Make renal treatment accessible, affordable

HARARE - Health minister David Parirenyatwa’s recent revelation that over 1 000 cases of chronic kidney failure are being reported in Zimbabwe, with only 700 of these on dialysis, should make our government take this health challenge more seriously.

In line with the Zimbabwe government’s policy on the matter, dialysis centres are being set up at provincial hospitals.

To date these centres have been set up at Parirenyatwa Group of Hospitals, Mpilo and Chitungwiza Central hospitals.

Sadly, by the Health minister’s own admission, these dialysis centres are unacceptably understaffed and struggling to cope with the ever-increasing number of patients with kidney ailments.

A case in point is Parirenyatwa Hospital where one consultant physician runs the renal unit with the assistance of a single nurse. This falls far short of the government policy which prescribes that provincial renal units must be manned by at least by five specialists.

Given the above, the government has no choice but to ensure the provincial renal units are not only adequately staffed but also offer services to ordinary Zimbabweans at affordable costs. As it stands, an increasing number of renal patients are finding it difficult to raise money for dialysis.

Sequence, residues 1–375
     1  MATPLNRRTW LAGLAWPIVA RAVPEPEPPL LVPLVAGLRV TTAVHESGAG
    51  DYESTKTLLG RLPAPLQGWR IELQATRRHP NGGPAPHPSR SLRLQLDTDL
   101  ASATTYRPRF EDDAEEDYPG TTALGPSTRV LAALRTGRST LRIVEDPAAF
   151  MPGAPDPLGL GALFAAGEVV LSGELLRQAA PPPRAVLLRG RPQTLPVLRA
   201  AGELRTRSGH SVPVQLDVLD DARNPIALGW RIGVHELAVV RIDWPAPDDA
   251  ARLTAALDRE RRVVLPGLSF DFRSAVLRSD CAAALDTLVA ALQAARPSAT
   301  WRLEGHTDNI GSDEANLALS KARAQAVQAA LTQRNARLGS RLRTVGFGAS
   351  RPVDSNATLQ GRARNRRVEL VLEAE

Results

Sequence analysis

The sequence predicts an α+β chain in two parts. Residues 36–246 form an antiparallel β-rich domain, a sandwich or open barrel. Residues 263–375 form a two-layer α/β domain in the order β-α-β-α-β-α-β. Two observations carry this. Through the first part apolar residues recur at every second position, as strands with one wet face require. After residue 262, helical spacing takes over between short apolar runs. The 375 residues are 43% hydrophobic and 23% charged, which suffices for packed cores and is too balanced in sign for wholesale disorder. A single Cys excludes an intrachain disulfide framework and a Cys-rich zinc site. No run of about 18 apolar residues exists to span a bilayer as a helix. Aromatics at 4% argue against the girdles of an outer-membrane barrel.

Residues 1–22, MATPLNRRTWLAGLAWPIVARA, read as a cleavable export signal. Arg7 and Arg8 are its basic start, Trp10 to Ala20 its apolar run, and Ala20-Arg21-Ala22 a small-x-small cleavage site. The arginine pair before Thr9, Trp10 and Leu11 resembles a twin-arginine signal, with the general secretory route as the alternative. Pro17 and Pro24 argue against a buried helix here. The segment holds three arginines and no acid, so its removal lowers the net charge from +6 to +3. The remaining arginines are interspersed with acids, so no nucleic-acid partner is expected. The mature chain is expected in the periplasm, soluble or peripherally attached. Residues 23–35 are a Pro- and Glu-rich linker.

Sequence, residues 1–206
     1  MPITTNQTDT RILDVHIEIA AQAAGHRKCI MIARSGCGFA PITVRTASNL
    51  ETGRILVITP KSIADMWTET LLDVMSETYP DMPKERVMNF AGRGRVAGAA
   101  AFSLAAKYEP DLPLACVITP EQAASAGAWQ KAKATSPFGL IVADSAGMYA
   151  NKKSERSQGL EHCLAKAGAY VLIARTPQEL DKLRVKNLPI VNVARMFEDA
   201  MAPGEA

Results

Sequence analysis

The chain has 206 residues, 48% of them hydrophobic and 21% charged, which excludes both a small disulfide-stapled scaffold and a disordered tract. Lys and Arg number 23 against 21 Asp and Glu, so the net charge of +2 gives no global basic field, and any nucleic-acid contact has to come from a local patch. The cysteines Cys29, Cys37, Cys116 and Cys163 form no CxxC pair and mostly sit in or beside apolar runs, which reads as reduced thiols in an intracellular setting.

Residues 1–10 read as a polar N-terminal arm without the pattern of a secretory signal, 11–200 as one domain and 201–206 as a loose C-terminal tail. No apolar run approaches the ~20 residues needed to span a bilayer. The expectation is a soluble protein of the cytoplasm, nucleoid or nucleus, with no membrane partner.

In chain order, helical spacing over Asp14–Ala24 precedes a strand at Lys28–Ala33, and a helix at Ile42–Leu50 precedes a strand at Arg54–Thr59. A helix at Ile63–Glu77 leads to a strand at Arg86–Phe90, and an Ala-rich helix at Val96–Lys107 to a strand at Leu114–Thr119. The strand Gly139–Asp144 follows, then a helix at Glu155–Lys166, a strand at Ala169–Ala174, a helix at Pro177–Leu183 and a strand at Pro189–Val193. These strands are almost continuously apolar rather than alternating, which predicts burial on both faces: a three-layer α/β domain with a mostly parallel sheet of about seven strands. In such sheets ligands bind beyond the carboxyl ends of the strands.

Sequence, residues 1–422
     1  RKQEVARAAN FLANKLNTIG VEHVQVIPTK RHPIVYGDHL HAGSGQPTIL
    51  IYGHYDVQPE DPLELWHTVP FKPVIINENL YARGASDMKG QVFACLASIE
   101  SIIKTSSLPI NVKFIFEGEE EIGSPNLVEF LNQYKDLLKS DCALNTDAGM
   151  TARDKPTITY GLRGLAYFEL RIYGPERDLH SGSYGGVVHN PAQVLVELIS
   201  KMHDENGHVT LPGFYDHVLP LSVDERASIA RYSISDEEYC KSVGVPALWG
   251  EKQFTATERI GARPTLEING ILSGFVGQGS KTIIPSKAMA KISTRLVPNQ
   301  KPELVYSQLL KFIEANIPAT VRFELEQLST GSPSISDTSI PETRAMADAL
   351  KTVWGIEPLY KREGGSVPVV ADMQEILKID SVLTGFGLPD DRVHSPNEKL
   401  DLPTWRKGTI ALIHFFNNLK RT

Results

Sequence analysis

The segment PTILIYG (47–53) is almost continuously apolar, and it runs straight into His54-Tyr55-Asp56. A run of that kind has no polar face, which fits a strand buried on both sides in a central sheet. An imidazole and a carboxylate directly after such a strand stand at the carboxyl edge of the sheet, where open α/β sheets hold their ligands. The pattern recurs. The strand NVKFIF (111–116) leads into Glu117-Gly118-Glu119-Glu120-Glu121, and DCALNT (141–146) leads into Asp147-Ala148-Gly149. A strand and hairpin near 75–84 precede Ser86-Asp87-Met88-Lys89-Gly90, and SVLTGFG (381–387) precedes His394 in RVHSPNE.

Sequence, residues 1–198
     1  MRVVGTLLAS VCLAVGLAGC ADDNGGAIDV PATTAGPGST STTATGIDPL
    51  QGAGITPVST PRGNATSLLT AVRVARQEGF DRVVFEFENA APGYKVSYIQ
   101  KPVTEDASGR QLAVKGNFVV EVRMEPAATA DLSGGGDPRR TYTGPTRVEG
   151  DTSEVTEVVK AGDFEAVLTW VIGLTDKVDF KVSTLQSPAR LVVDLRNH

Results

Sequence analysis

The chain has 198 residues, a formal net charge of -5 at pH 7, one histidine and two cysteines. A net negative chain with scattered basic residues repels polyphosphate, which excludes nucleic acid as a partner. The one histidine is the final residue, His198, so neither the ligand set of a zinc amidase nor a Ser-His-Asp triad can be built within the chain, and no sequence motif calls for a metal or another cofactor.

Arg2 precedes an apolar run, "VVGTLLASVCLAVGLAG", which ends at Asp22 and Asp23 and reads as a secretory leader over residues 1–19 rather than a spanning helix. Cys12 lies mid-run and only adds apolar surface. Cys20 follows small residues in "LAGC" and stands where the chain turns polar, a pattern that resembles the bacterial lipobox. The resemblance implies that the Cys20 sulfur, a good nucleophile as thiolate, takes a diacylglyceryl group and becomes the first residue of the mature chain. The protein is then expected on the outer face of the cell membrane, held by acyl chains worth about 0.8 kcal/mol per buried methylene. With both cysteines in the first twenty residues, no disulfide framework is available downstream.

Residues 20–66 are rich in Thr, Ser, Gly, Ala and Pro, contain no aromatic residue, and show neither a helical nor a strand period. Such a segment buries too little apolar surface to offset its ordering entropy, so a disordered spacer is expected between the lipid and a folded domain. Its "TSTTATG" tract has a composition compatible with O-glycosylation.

The cost for a dialysis session ranges from US$80 to US$170 in government hospitals and between $200 and $250 at private hospitals in Zimbabwe.

With a person with renal failure requiring an average of three dialysis sessions a week, it is clear this important medical service is out of reach for most Zimbabweans.

To complicate matters, people with renal ailments from across the country are currently being referred to either Bulawayo or Harare for treatment, a situation which exerts added financial pressure on the already over-burdened patients.

It doesn’t take a rocket scientist to figure out that the government has to expedite the decentralisation of renal centres. At the very least, they must without delay fulfil their policy which requires every province to at least have a single renal centre.

While it might appear overly ambitious to talk about the issue of kidney transplants in a situation where the current government-run renal centres are failing to offer even the most basic services, it is a matter we must tackle head-on all the same.

At the moment, Zimbabweans are going to South Africa and India where they reportedly pay up to US$24 000 for a kidney transplant, excluding transport and accommodation. As such, it is important for government to make plans to invest in this area.

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